Same goes for shoulders, they are although equipped with mud scoops, with their staggered outer edges, these lugs are still very packed up together and that provide less off-road grip, and better traction on highways.

Fuel And Tread

Being a less aggressive tire off the two, the General Grabber APT offers a lighter weighing construction, and compacted lugs arrangement, so naturally you get superior fuel economy here.

The General Grabber ATX on the other hand, comes not only with greater weight, but also a relatively open design. So here, each of its lugs rub off the surface with greater friction, promoting rolling resistance.

Though that does not mean, its tread wears off faster as well.

The Grabber ATX in fact offers the best tread wear resistance in the market (currently, compared to other similar aggressive A/T tires), that’s why I added this tire for it, in my list of top all time, all-terrain tires. See here:

Moreover, that’s also the reason why both tires have similar 60k miles treadwear warranty, even though General ATX features a more aggressive design.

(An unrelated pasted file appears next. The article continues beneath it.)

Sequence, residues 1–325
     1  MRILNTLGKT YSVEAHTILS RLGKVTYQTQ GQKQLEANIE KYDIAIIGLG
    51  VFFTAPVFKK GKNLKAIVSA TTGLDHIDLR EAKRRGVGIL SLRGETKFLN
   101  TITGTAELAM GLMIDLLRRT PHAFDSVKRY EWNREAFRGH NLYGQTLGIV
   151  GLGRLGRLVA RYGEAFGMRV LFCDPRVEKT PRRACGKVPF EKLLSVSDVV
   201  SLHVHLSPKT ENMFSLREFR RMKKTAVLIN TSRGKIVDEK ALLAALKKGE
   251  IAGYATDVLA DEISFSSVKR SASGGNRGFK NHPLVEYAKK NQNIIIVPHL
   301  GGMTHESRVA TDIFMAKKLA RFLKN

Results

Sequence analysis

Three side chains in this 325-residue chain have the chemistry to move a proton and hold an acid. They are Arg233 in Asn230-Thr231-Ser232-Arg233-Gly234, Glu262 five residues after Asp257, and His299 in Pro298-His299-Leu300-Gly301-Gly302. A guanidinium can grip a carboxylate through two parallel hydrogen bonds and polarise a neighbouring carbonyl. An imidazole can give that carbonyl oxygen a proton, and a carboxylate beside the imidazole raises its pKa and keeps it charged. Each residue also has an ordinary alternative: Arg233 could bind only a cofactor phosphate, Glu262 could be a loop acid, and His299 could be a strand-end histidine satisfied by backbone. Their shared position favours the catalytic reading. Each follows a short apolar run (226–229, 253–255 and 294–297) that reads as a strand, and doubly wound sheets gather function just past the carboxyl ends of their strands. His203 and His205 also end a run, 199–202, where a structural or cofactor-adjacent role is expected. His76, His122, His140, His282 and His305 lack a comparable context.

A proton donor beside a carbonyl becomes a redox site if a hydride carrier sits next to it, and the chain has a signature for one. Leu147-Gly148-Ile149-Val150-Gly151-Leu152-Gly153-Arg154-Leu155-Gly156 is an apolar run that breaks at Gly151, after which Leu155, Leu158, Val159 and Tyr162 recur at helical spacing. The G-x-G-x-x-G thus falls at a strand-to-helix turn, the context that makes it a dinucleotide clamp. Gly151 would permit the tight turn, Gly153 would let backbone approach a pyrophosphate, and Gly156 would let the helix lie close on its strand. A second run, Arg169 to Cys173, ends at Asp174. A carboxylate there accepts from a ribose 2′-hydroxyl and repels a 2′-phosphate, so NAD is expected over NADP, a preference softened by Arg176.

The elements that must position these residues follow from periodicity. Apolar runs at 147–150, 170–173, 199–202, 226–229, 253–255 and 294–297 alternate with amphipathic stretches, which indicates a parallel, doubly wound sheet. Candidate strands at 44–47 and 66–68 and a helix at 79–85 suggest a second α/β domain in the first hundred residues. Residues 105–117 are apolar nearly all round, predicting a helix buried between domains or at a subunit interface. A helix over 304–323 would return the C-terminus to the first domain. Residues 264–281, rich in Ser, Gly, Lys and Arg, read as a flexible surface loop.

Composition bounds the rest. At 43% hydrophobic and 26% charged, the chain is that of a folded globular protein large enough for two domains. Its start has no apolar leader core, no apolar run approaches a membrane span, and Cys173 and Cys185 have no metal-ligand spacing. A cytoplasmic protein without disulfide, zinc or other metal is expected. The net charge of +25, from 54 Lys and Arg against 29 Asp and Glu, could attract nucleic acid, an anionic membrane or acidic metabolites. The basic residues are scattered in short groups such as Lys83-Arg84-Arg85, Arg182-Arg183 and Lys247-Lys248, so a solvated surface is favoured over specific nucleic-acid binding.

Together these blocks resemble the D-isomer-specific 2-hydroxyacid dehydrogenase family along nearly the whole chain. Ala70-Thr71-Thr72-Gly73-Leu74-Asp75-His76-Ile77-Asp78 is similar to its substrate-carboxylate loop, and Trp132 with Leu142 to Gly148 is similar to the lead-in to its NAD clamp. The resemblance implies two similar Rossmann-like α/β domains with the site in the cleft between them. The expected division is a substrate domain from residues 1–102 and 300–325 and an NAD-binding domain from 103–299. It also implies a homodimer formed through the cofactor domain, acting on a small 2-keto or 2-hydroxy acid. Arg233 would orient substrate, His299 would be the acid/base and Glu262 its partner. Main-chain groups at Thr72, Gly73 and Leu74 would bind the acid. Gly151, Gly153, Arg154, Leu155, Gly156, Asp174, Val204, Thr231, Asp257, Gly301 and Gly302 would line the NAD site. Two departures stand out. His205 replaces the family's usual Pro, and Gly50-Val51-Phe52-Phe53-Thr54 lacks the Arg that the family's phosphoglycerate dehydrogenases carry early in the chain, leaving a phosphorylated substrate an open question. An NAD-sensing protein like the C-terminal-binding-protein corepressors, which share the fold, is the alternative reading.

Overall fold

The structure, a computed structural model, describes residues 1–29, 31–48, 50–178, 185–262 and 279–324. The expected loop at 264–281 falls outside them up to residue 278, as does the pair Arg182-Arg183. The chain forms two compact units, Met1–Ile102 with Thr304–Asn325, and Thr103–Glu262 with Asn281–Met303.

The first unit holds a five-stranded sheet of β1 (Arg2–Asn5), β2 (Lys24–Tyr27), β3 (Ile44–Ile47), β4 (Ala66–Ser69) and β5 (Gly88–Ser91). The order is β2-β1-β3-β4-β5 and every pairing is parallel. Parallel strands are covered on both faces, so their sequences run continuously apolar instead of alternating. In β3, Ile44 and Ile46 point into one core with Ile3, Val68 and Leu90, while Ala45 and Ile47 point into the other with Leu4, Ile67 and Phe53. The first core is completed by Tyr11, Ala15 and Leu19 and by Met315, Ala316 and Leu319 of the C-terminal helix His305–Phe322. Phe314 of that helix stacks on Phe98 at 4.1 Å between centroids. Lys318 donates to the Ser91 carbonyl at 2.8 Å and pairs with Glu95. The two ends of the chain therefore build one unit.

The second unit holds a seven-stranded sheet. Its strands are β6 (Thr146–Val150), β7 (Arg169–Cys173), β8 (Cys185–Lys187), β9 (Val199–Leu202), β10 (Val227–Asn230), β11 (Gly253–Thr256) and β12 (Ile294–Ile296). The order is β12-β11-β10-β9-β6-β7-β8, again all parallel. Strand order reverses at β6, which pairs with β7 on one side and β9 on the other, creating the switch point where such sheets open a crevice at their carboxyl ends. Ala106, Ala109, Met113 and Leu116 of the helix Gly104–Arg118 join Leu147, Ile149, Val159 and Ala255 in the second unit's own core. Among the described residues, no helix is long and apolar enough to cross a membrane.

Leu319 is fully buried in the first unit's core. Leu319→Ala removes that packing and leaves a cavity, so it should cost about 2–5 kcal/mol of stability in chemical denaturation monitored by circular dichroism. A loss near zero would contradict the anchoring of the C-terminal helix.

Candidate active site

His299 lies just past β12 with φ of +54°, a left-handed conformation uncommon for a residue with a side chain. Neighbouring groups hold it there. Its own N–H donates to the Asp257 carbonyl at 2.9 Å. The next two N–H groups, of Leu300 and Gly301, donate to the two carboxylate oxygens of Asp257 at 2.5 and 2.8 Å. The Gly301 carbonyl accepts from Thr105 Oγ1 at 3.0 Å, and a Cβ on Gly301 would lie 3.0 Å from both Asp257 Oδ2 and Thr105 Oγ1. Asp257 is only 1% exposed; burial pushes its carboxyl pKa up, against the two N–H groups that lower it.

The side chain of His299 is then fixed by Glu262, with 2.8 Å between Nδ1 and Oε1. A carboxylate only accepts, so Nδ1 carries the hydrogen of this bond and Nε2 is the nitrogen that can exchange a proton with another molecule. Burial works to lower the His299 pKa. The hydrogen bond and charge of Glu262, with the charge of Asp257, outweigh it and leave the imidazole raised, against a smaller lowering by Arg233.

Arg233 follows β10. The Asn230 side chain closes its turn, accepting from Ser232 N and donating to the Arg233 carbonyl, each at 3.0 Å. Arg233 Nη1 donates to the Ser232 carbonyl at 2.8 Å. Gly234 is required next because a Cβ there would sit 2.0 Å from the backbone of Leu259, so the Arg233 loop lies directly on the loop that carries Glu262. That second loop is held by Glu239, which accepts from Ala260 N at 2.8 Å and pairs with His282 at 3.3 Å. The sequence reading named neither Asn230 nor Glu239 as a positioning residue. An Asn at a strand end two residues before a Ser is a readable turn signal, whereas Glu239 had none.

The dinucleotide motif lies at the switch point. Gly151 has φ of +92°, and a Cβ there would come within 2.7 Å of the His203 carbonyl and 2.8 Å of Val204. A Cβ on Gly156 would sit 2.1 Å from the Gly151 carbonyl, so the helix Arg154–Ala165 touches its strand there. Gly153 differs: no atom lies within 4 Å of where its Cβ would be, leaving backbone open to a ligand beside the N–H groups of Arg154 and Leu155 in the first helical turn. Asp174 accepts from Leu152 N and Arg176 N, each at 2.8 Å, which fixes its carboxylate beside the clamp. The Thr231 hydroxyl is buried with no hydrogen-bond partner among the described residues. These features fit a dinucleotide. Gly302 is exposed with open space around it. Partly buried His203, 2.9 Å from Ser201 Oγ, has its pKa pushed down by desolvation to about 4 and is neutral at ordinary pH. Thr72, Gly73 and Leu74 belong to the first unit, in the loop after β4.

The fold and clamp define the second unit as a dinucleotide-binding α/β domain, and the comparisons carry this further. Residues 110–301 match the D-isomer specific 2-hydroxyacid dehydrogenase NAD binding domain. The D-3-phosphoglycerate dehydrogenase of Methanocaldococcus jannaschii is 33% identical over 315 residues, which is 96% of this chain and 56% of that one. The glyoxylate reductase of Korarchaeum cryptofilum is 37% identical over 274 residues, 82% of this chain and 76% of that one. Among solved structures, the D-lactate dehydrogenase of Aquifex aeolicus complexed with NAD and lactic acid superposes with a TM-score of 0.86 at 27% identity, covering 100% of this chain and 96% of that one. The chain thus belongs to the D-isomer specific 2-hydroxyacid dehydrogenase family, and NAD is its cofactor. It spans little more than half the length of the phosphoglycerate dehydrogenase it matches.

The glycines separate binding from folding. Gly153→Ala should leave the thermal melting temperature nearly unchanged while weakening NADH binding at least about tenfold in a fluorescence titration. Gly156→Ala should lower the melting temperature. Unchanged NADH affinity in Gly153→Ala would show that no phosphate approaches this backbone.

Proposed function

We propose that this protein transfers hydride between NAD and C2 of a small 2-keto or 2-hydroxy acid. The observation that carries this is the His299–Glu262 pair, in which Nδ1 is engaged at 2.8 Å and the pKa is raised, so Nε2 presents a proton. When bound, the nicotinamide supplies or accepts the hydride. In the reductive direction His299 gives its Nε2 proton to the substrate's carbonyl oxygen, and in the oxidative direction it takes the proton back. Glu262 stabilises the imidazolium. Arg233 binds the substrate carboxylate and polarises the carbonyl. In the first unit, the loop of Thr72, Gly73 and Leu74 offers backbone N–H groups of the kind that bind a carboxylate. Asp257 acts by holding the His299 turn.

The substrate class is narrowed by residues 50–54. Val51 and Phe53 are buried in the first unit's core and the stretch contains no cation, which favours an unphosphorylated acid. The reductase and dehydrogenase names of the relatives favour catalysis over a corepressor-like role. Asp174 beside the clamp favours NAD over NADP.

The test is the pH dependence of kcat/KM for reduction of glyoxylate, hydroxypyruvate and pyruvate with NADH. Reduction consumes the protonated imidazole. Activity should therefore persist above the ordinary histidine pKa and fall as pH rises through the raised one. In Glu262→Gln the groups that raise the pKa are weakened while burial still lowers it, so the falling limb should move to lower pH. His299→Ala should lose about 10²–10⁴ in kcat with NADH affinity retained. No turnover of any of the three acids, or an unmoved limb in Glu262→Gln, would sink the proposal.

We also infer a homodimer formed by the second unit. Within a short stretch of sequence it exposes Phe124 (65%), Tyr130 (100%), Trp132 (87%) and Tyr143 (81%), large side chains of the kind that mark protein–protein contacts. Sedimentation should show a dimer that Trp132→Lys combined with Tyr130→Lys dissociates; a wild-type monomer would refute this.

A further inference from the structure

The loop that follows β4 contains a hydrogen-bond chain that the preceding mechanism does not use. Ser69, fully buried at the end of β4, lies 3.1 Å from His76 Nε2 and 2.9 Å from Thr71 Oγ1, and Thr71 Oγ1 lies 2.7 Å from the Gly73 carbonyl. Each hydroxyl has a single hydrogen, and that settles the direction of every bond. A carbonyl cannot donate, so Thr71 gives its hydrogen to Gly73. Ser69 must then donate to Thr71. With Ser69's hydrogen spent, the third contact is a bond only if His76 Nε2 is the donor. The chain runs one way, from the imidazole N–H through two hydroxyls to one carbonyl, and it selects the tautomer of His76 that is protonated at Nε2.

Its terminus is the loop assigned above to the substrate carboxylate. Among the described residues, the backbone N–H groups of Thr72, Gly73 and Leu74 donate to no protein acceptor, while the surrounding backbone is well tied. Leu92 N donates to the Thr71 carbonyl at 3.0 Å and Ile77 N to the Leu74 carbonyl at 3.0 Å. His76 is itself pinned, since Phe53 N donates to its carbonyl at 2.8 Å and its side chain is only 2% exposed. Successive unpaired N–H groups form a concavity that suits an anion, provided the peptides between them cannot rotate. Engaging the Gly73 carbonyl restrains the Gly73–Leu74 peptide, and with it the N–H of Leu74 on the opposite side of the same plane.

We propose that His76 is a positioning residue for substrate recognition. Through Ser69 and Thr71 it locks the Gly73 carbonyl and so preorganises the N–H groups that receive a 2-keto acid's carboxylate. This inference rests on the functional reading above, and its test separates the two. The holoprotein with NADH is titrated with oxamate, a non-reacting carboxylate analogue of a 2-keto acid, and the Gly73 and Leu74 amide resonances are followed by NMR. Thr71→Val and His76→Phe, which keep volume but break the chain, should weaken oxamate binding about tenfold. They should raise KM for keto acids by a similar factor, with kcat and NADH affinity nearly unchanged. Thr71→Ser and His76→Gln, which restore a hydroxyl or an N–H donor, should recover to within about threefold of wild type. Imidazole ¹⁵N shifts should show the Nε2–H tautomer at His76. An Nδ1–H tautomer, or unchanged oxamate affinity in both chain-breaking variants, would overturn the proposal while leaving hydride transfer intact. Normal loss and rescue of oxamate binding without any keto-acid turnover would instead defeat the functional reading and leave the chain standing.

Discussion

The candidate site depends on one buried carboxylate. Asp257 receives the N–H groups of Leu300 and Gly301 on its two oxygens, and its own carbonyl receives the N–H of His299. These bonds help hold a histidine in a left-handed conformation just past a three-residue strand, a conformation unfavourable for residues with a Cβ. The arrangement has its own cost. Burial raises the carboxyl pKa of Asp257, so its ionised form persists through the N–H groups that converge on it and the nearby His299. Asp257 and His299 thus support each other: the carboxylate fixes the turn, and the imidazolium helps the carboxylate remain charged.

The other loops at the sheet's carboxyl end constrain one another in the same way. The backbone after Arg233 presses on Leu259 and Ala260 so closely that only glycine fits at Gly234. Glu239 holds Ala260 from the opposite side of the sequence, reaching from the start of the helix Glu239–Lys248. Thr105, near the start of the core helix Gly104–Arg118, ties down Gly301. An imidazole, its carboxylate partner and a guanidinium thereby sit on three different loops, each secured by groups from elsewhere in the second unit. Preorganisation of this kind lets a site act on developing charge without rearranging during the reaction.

Side Note: The Grabber APT comes with a UTQG of 520 AB whereas the Grabber ATX gives you 620 AB (showing it’s better, even by the company’s ratings).

Winter Traction

The General Grabber ATX is a great tire for snowy terrains as well. The tire’s softer (in comparison) tread compound, is more thermal adaptive, and keeps its biting edges flexible

So with that, it gets to be more effective in trapping the snow particles in it’s hook shaped grooves, and making snow to snow contact with it.

And for ice, you get stud-able lugs, which also tells, how focused is this tire for snowy terrains.

On the other hand, the General Grabber APT is also pretty great and comes with 3 peak mountain snowflake rating (just like the ATX), the tire only performs better on lighter terrains, with it’s smaller groove mouth.